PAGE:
“The particularly small babies are placed in incubators for a period of time ranging from 30 to 60 days. This can cost government hospitals/insurance companies around SR60,000. Some others are placed there for longer periods and can even cost SR100,000,” she said.

However, the consultant said that up to 28 percent of premature babies die due to complications.

The Saudi Health Ministry’s website said that some preterm births are likely to have more health problems than babies born on time. “These may face long-term health problems affecting the brain, lungs, hearing or vision.”

“One of the most life-threatening problems is respiratory distress syndrome (RDS), which can cause babies to need extra oxygen and help with breathing. RDS occurs when there is not enough surfactant in the lungs. This substance, made by the lungs, keeps the airways open and helps babies breathe,” she said.

Daffa said that a baby with RDS is usually kept on a respiratory machine and receives surfactant.

“Premature babies are put in incubators until they are 1.8 to 2kg. This normally needs a month or two. Sometimes, they are placed there for three months depending on the weight of the premature child when they were born. The less they weigh, the more time they need to spend in the incubator,” she said.

Daffa said that World Prematurity Day was first celebrated 11 years ago in Italy when the families of premature infants gathered. “It has been celebrated yearly since then,” she said.

“It is an occasion during which physicians work on promoting awareness among families, especially pregnant women, to prevent preterm births. It is also a chance to spread awareness as to how to help premature babies avoid diseases.”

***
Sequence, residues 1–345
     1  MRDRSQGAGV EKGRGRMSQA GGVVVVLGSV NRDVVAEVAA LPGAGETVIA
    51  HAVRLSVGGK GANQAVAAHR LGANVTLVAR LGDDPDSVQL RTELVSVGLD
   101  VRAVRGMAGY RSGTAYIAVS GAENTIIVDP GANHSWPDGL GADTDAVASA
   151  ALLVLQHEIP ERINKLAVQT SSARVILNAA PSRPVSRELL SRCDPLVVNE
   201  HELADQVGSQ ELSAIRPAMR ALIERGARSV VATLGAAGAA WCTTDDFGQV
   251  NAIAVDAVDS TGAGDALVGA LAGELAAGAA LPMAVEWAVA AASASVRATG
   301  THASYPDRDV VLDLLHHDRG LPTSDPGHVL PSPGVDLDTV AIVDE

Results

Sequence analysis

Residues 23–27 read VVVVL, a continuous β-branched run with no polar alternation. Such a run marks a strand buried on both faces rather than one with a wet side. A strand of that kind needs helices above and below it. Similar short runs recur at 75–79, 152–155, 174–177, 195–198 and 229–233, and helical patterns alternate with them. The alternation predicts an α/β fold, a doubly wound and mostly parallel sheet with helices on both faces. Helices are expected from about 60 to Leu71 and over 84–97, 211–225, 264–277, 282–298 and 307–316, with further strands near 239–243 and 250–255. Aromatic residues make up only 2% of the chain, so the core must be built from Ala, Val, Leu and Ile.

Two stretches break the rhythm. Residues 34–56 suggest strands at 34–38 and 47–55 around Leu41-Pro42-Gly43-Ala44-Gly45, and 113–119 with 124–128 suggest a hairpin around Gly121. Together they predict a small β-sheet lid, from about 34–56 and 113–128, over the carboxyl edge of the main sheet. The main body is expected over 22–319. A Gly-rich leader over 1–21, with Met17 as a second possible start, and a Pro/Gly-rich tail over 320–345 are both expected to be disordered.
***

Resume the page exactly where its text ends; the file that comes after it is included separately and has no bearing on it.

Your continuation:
The consultant said that a premature baby grows differently from a full-term baby in their early years.

“These babies may start walking later than their peers. Sometimes complications can affect their brains and thus, they join school late, too,” she said. But she said that by the age of 10 their development was similar to that of other children.

The neonatologist advised parents of premature children to attend events to help their children avoid complications.

“Pregnant mothers should follow up with their doctors to detect problems early and find solutions. They should also follow a diet rich in proteins, folic acid and minerals,” she added. 

Daffa said a special vaccine given to premature babies could protect them against the respiratory syncytial virus, which normally hits premature infants from October to March.

According to a 2018 report by the World Health Organization, more than 60 percent of preterm births occur in Africa and South Asia, but preterm birth is a global problem. In lower-income countries, on average 12 percent of babies are born too early compared with 9 percent in higher-income countries, the report said.

Within countries, poorer families are at higher risk, it added.